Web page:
Suggested Reading by Dave Connis

Clara’s entire life has been defined by books. She can count the changes in her life by the stories that caused them, and define her achievements by her role as a reader. So when on the first day of her senior year at Lupton Academy, she discovers that the school plans to ban a list of fifty books, many of which have changed her life, she is understandably angry. Said anger grows when the school librarian tells her that this is not the first time, and that the school will simply make the books disappear from the shelves without telling the students. So Clara does what any bookworm worth her salt would do: convinces the librarian to let her deal with the books (technically she tells him that she will redistribute the “bannies” to little libraries in the area, but you know, details). And then she starts up an underground library (UnLib) in her locker.
UnLib takes off in ways she wasn’t expecting; in ways that a southern girl just trying to get through her senior year is definitely not prepared for. Soon enough she is meeting patrons of her library every day, between every class, in every free period, even giving up her lunch just to keep the UnLib functioning. And as the UnLib starts to draw new people into her orbit, people she has barely spoken to, like the resident rich kid clique the star-stars, her best friend and Student President LiQui’s Student Cabinet (StuCab) and even the very adults trying to ban her beloved books, Clara finds her world changing in ways she never could have anticipated. Not all are bad though, and Clara soon finds herself making friendships that she never would have thought possible, and learning, along with the rest of her school, just how much books really can change you— for better and for worse.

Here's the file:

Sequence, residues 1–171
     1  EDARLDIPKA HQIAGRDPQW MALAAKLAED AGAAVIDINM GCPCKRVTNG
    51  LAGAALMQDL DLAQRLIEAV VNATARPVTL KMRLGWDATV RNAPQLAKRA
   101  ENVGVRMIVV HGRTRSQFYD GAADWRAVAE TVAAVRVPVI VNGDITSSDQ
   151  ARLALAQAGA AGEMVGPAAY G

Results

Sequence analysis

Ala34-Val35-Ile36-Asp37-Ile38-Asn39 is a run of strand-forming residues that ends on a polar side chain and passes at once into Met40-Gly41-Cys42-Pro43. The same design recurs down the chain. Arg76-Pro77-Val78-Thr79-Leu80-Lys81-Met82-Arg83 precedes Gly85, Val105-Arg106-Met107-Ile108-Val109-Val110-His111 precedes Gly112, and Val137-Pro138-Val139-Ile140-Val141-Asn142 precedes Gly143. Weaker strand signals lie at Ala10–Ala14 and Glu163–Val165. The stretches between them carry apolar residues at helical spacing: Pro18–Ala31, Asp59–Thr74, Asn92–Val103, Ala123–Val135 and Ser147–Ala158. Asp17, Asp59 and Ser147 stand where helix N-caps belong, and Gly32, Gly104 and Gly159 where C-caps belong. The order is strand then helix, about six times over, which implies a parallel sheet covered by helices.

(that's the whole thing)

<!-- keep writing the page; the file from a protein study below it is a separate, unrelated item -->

In the end, Suggested Reading is about understanding. It is about how we make assumptions and interpretations of things and people based on our own limited knowledge, and how the conclusions we draw are not always right, or the same ones that somebody else, somebody with a different history and perspective might in our place. It is about accepting those differences and using them to create discussion and narratives that expand our own understanding of the world, and how books influence us.